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Robert Maroney Transcript.pdf

Robert "Bob" Maroney, Merchant Marine 

Robert Maroney served from 1942-1946 in the U.S. Merchant Marine, a link in the vital support chain for American troops and their allies during World War II. 

Robert Emmett Maroney was born October 27th, 1919, and grew up on the west side of Chicago during the Depression. In the months leading up to the war, and then following the attack on Pearl Harbor in 1941, all three of his brothers enlisted in various branches of military service. Bob enrolled in the Merchant Marine. Training in St. Petersburg, Florida, and New York City, Seaman Maroney received certifications as Fireman 3rd class, Wiper, and “Lifeboat Man.” Throughout the War, he served mostly as fireman-water tender and oiler in the engine rooms of thirteen different ships. Those vessels, usually traveling in groups, or convoys, delivered essential supplies – including food, fuel, bombs, and ammunition – to troops in places as varied as Puerto Rico, England, France, the Netherlands, Italy, and even Germany. Danger and death always loomed large, especially at sea. On February 22nd, 1943, while part of a convoy in the Mediterranean, Maroney’s ship was torpedoed by an Axis submarine. Several runs later, in 1944, he called home during a shore leave and learned that his older brother, William, a Sergeant in the Army’s anti-tank division, had been killed weeks earlier in combat near Saint-Lô, France, following the Invasion of Normandy. After what he thought would be his final assignment – a supply run to Yugoslavia in 1946 – Robert returned to the United States. But when the impending Korean War led to the U.S. Army’s call-up for registration, he chose instead to return to sea for further service with the Merchant Marines. Eventually Bob did return home, though, and made his post-military career in sales.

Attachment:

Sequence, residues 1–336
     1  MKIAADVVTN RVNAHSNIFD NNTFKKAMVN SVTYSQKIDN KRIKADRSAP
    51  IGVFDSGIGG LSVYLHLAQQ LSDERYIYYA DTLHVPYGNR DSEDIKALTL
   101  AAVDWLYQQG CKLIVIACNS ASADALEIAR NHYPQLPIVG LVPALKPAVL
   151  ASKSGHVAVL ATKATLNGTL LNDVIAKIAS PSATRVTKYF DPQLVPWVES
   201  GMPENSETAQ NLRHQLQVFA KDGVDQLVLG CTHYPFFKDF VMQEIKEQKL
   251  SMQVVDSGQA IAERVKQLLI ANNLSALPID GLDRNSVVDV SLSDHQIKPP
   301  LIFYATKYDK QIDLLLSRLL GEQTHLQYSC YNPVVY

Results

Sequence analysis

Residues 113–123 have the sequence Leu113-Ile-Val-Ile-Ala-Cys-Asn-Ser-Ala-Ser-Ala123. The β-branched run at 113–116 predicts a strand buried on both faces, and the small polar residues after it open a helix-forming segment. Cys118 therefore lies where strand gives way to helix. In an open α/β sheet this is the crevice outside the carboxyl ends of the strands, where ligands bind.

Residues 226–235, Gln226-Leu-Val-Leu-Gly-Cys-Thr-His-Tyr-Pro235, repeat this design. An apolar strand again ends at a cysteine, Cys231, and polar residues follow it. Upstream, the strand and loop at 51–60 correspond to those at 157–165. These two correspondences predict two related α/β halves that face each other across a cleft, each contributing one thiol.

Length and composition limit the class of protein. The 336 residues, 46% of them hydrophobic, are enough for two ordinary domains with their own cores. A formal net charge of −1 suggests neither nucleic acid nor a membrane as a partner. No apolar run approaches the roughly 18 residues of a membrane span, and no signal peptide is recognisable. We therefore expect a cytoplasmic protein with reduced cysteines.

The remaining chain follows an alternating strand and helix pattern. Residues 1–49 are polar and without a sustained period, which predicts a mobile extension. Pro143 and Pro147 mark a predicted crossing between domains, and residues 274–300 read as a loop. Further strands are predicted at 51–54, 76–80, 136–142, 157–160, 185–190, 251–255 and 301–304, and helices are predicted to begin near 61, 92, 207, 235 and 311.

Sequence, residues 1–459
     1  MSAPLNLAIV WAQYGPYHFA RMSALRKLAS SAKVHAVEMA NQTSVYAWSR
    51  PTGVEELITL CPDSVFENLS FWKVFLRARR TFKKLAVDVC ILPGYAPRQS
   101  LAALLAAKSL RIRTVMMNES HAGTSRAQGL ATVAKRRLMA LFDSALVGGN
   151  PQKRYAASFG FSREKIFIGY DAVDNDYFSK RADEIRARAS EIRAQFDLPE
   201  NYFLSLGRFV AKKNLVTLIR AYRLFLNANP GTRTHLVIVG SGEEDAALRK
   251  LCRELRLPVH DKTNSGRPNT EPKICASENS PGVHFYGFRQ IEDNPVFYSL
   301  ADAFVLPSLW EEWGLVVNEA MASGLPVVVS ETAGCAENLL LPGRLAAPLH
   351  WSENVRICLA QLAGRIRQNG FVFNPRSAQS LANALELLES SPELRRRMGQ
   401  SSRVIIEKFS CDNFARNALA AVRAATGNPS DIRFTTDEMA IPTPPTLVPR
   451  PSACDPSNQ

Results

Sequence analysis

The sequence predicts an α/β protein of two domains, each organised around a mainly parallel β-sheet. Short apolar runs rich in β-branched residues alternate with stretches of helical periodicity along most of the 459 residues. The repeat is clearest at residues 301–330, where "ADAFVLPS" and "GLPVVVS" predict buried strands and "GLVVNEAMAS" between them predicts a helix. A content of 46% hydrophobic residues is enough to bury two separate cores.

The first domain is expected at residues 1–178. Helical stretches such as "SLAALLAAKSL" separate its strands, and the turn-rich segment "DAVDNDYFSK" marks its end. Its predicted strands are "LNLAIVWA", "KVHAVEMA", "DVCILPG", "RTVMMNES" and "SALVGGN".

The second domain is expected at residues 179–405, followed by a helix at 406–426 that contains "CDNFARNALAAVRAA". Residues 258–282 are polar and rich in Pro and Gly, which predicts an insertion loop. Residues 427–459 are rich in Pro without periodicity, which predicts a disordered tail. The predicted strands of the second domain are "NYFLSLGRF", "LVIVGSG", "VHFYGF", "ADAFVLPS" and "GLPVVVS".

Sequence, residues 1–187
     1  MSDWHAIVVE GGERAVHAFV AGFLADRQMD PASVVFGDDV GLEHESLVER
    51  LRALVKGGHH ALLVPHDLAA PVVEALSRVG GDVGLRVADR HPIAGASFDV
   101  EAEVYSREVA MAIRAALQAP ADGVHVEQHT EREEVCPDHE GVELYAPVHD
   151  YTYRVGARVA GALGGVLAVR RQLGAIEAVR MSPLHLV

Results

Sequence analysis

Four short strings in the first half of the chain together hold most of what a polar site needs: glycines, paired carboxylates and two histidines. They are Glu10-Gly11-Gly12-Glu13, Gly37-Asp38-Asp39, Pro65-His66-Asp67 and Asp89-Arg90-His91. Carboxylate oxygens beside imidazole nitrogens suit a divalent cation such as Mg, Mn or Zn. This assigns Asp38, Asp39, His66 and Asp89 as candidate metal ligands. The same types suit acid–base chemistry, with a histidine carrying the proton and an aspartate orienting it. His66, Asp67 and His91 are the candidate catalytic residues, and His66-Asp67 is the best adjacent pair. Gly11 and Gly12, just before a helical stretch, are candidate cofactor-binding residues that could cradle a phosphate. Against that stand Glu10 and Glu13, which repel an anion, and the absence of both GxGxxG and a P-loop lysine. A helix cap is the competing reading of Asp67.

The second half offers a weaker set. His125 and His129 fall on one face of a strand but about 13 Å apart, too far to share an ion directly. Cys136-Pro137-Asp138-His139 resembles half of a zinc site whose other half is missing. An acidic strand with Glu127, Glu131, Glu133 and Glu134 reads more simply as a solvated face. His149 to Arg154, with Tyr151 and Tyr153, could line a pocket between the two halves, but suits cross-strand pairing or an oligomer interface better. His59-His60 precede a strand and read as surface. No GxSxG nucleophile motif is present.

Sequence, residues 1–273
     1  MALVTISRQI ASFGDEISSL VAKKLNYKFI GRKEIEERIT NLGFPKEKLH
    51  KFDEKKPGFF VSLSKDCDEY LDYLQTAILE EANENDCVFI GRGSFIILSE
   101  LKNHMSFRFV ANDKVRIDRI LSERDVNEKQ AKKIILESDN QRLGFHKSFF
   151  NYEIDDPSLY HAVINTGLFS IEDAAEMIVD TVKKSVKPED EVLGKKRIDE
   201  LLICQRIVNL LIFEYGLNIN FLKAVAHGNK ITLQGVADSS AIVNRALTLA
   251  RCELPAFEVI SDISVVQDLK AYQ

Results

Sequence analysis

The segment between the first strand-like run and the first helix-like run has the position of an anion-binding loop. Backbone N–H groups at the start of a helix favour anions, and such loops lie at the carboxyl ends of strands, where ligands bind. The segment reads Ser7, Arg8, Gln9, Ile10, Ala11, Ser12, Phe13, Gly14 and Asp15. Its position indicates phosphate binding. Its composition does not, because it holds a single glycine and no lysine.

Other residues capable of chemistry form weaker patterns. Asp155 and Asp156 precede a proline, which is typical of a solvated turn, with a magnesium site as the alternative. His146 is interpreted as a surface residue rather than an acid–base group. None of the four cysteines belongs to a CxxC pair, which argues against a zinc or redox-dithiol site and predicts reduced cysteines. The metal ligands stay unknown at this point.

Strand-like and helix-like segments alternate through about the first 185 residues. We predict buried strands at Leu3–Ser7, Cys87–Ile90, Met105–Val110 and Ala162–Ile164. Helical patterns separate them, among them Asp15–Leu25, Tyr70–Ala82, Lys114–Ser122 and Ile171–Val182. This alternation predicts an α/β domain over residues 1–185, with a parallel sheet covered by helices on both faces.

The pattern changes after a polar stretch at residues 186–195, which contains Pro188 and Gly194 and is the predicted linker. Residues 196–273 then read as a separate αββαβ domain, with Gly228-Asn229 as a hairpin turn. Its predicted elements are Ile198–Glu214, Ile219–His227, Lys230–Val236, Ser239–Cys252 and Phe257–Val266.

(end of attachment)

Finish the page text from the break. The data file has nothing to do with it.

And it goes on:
Throughout the interview, Maroney expresses the distinctive nature of life in the U.S. Merchant Marine, and speaks not only of the structure and schedule of ships and convoys, but also of the branch’s less-regimented ways; ways that led to a unique, strained relationship with other military branches. Although the Merchant Marine was under the jurisdiction of the Navy during the war, as was the Coast Guard, Maroney emphasizes how, during the war and even today, his branch is often viewed as separate from the U.S. Armed Forces. For example, Merchant Mariners were not included in the G.I. Bill, and were denied veterans benefits up until 1988. Few people realize that the Merchant Marines suffered the highest casualty rate of any service branch during World War II.

Using his colorful story as a testament, even as the last of the World War II Merchant Marine veterans pass on, Mr. Maroney argues for increased respect and benefits for the Merchant Marines because, as he says, they earned it.